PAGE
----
James F Sallis, a specialist in Family Medicine and Public Health at the University of California, San Diego, writes in The Lancet Public Health about collated evidence that suggests that active and public transport contribute to improvements in Body Mass Index (BMI), so providing further support for public health and medical professionals to advocate for healthier city design and transportation policies.
He says: 'Advocacy needs to be accompanied by ongoing collaboration and cross-sectoral efforts to ensure that health-promoting land use and transport policies are adopted, funded, implemented, and ideally, assessed.'
For decades, physical activity research focused almost exclusively on the sports, leisure, and recreation domain, with a minor emphasis on occupational activity, says Sallis. Although walking for transportation has been a daily source of physical activity throughout human history, this domain was all but ignored in physical activity research until recently. This neglect might have been due to the near absence of walking and cycling for transportation in many countries, as a result of transportation policies that have explicitly promoted motorised travel by automobile.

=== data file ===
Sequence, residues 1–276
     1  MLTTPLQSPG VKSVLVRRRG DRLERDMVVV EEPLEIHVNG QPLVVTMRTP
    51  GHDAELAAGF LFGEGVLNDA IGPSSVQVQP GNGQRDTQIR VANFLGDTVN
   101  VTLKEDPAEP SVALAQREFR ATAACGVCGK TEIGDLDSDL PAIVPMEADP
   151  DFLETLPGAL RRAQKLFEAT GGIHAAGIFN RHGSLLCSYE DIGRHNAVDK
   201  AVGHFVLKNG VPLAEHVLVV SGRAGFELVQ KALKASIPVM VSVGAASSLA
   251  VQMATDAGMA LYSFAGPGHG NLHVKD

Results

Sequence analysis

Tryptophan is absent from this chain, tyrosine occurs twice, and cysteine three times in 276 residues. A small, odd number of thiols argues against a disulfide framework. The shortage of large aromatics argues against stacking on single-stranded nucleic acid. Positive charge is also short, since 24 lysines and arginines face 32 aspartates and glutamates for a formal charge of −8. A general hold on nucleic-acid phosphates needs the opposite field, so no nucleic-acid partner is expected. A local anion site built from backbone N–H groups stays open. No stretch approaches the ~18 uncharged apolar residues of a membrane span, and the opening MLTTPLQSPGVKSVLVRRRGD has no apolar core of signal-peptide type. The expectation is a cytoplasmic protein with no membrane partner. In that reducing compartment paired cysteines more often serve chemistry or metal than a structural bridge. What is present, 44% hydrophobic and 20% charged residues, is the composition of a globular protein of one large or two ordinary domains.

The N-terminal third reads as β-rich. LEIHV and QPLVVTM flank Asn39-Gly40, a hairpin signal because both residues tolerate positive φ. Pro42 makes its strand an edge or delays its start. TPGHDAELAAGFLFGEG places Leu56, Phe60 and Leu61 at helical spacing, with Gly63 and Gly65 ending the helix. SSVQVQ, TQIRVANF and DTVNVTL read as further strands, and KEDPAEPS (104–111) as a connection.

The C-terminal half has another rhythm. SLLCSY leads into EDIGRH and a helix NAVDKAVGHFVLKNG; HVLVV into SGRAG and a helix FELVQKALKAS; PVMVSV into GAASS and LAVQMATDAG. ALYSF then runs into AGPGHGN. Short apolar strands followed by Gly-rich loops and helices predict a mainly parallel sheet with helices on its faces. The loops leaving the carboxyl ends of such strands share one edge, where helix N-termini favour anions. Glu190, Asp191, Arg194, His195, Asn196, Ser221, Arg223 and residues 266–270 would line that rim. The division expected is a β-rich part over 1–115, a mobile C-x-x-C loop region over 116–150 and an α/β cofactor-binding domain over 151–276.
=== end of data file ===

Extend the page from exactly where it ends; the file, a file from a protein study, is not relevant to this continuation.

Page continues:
Ellen Flint and colleagues’ longitudinal study on the use of active or public transport versus cars to commute to work, published in The Lancet Public Health, is a major advance in understanding the contribution of all modes of physical activity to obesity and other health outcomes. This study defined active commuting as walking and cycling, which were grouped together with public transport and compared with car commuting.
As reviewed in the Article, several previous studies, including two prospective studies, have shown associations between active transport and weight status. An important strength of Flint and colleagues’ study was the use of objectively measured body-mass index (BMI), which is preferred to self-reported BMI—a measure that is prevalent in the existing literature. With a sample of almost 6000 adults aged 40–69 years, the authors were able to examine the relation between changes in commuting mode and changes in BMI over 4 years. The main findings were that people who changed from active or public commuting to car commuting had a relative increase in BMI of 0·3 kg/m2, and those who changed from car commuting to active or public commuting had a relative decrease in BMI of 0·3 kg/m2. These results were almost identical to a previous study that used self-reported BMI, strengthening confidence in the results.
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